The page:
A Questionable Choice: Sex on the Hood of a Car

According to the news, people called the police after hearing suspicious noises, and then spotting two people having sex of the hood of a car at an auto sales store. When the police arrived, they found the couple getting dressed inside a white van (which also belonged to the dealership). Now, you might ask why anyone would trespass onto a car sales store’s property only to have sex on the hood of a car. People get caught up in the moment, and also succumb to the need for excitement. The problem with having sex in a public place is that it is illegal, and will result in serious charges.

Public Indecency: Charged in Many Different Circumstances

Public Indecency – C.R.S. 18-7-301, is charged in many different circumstances in Arapahoe, Douglas, and Jefferson County. If a person lewdly exposes an intimate part of the body (not the genitals), for a sexual purpose, lewdly fondles or caresses another person, exposes their genitals for the purpose of causing alarm, or has sex in a public place, they will face Public Indecency charges. This crime is usually a class 1 petty offense, but if a person exposes their genitals for the purpose of alarm, it is charged as a class 1 misdemeanor offense.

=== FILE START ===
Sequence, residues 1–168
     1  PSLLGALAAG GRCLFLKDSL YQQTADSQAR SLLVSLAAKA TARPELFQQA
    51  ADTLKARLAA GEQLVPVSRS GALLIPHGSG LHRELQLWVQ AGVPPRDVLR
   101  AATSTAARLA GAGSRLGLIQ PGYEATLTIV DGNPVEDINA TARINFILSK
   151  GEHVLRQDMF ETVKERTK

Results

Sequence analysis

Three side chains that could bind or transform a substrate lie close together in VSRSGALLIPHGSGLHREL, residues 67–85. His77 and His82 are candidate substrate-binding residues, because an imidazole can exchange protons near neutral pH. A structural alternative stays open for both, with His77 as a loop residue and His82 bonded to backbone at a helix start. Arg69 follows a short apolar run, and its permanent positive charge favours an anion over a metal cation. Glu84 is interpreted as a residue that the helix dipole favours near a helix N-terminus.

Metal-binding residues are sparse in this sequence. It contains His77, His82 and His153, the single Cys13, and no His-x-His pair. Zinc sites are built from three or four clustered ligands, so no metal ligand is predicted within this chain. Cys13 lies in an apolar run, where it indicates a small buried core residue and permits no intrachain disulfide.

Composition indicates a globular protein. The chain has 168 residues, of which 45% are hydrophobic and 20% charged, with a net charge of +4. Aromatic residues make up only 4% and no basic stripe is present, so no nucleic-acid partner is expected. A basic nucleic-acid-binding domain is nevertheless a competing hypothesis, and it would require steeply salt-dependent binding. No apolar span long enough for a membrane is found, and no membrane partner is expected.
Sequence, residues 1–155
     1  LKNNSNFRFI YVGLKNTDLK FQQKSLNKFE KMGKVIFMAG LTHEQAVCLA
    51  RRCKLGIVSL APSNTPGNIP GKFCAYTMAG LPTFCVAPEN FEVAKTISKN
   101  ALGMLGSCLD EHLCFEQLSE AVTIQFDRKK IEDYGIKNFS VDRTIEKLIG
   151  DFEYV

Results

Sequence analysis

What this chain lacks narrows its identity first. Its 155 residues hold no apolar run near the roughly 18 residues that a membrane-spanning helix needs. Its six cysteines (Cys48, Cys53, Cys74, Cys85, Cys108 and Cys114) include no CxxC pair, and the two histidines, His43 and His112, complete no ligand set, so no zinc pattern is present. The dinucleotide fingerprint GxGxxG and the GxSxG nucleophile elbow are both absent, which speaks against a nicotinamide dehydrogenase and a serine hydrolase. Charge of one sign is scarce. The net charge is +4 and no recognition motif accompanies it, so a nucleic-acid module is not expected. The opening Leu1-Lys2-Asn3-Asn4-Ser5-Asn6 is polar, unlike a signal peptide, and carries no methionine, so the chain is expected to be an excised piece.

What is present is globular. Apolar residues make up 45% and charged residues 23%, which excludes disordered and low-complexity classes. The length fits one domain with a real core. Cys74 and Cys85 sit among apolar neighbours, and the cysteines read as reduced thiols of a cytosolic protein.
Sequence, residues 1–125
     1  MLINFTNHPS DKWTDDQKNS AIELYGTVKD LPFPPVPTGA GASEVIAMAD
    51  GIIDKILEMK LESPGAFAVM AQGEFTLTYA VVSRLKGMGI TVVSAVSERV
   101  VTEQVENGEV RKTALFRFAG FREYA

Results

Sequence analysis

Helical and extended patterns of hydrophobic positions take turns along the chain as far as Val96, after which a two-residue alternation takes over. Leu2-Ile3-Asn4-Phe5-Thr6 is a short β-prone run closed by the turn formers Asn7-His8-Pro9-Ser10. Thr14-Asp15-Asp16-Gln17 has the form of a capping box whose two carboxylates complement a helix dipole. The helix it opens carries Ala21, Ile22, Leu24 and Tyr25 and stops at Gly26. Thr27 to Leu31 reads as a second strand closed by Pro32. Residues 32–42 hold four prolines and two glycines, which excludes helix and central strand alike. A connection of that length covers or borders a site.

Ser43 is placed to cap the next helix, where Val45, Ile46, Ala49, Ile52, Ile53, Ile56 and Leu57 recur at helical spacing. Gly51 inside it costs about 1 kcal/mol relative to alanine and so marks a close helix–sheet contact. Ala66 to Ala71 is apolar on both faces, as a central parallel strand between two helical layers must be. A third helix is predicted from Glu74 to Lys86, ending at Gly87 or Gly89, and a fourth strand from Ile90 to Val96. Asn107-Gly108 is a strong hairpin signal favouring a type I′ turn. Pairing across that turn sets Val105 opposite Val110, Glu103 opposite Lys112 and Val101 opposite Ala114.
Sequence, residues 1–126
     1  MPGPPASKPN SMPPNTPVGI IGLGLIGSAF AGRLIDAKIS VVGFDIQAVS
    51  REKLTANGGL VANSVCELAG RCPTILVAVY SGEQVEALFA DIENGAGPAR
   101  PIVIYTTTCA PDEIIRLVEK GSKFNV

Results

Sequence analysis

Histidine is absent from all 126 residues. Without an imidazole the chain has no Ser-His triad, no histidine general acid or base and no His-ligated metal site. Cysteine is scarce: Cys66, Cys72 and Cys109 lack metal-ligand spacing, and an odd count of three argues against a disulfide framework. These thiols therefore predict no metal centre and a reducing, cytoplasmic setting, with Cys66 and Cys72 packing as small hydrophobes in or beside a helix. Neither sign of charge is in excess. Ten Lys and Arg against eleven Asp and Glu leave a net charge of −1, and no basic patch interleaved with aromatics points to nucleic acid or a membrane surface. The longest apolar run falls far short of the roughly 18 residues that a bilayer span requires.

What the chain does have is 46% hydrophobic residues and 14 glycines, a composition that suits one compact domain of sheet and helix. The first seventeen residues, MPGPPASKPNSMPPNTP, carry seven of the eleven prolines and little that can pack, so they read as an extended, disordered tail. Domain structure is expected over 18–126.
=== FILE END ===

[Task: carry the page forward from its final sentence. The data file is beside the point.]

Two Strikes, You’re a Sex Offender

While a class 1 petty offense doesn’t sound like a big deal, if you’ve been charged, you need the expertise of a knowledgeable attorney on your side. You may think you’ll just plead guilty to avoid jail time, but you need to know the facts. If you are convicted twice of Public Indecency in a certain amount of time, you will be required to register as a sex offender and undergo sex offender treatment. Now, it’s important to understand another, lesser-known situation where Public Indecency is charged – when a person urinates in public. So, if you’re convicted of Public Indecency for having sex on the hood of a car, then a couple years later, you pee in an alley, you’ll be a registered sex offender.

Why You Need a Lawyer for Public Indecency Charges

Your future is affected by a conviction; protect it by working with a lawyer. 

If you have been contacted by the police regarding Public Indecency charges, don’t hesitate to contact a hardworking criminal defense lawyer at our office for a free consultation. It’s important that you understand the consequences of pleading guilty, and take the steps necessary for protecting your future. Don’t let a district attorney bully you into pleading guilty; fight for your future by consulting a skilled attorney.

If you or a loved one has been charged with Public Indecency, be smart, exercise your right to remain silent, and contact an experienced criminal defense attorney at the O’Malley Law Office for a free consultation at 303-830-0880. Together, we can protect your future.